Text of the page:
Concurrency And Server-Side Networking APIs — Part 2

Introduction

In the second part of this series we continue to explore how Unix-like operating systems implement the networking API and threading API. In particular, we are supremely interested in how the kernel allows server programs accept incoming connections. Part two explores implementing concurrency in native code–C–servers. It is important to once again note that this series is exploring what is possible and how things work, not best practices.

Calling accept() With Multiple Processes Listening On The Same Endpoint (IP:Port):

If two instances of the server program given in the last article are started with the same port, the second instance will receive an error from the bind() system call:

[a_user@computer server]$ ./server -p 5001 &
[1] 20253
[a_user@computer server]$ ./server -p 5001 &
bind() failed: errno=Address already in use
: Address already in use
[2] 20255

If the server program is modified to fork N children after it has called bind() & listen(), then it is possible to share the file descriptor (and socket) between the instances of the server program. At this point, the operating system will load balance incoming requests between the server instances. The multi-process server program, mpserver.c, demonstrates this property. The output below demonstrates this program being started, spawning N server processes, and shows repeated client calls to port 5001 iterating through the mpserver instances. Notice, the server identifies itself by returning “server_pid=xxxxx” to the client.

[a_user@computer mpserver]$./mpserver -p 5001 -n 3 &

[a_user@computer mpserver]$ ps
PID TTY TIME CMD
20708 pts/1 00:00:00 mpserver
20709 pts/1 00:00:00 mpserver
20710 pts/1 00:00:00 mpserver
20791 pts/1 00:00:00 ps
21905 pts/1 00:00:00 bash

[a_user@computer mpserver]$ telnet localhost 5001
Trying 127.0.0.1…
Connected to localhost.
Escape character is ‘^]’.
connected to server: sd=4,server_pid=20710
Connection closed by foreign host.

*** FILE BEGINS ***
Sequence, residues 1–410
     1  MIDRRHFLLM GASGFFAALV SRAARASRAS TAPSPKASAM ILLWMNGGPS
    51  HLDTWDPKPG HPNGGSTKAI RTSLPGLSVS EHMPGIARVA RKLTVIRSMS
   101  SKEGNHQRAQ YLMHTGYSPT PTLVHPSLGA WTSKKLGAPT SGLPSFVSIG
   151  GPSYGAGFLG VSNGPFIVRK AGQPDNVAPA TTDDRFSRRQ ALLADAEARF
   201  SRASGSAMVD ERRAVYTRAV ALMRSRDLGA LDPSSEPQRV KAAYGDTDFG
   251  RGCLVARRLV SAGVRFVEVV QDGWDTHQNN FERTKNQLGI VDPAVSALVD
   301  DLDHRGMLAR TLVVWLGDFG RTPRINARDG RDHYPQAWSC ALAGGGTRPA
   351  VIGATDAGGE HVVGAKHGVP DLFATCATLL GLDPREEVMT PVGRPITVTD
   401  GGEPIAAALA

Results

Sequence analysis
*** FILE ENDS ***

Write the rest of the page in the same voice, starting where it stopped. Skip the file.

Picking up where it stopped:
[a_user@computer mpserver]$ telnet localhost 5001
Trying 127.0.0.1…
Connected to localhost.
Escape character is ‘^]’.
connected to server: sd=4,server_pid=20709
Connection closed by foreign host.
[a_user@computer mpserver]$ telnet localhost 5001
Trying 127.0.0.1…
Connected to localhost.
Escape character is ‘^]’.
connected to server: sd=4,server_pid=20708
Connection closed by foreign host.
[a_user@computer mpserver]$ telnet localhost 5001
Trying 127.0.0.1…
Connected to localhost.
Escape character is ‘^]’.
connected to server: sd=4,server_pid=20710
Connection closed by foreign host.
[a_user@computer mpserver]$ telnet localhost 5001
Trying 127.0.0.1…
Connected to localhost.
Escape character is ‘^]’.
connected to server: sd=4,server_pid=20709
Connection closed by foreign host.
[a_user@computer mpserver]$ telnet localhost 5001
Trying 127.0.0.1…
Connected to localhost.
Escape character is ‘^]’.
connected to server: sd=4,server_pid=20708
Connection closed by foreign host.

To demonstrate that multiple processes are calling accept at the same time on the same endpoint, strace output was captured for the processes shown above using the following command:

strace -o /tmp/strace1.out -f -p 20708 -p 20709 -p 20710

The output for this command was:

20708 accept(3,
20709 accept(3,
20710 accept(3,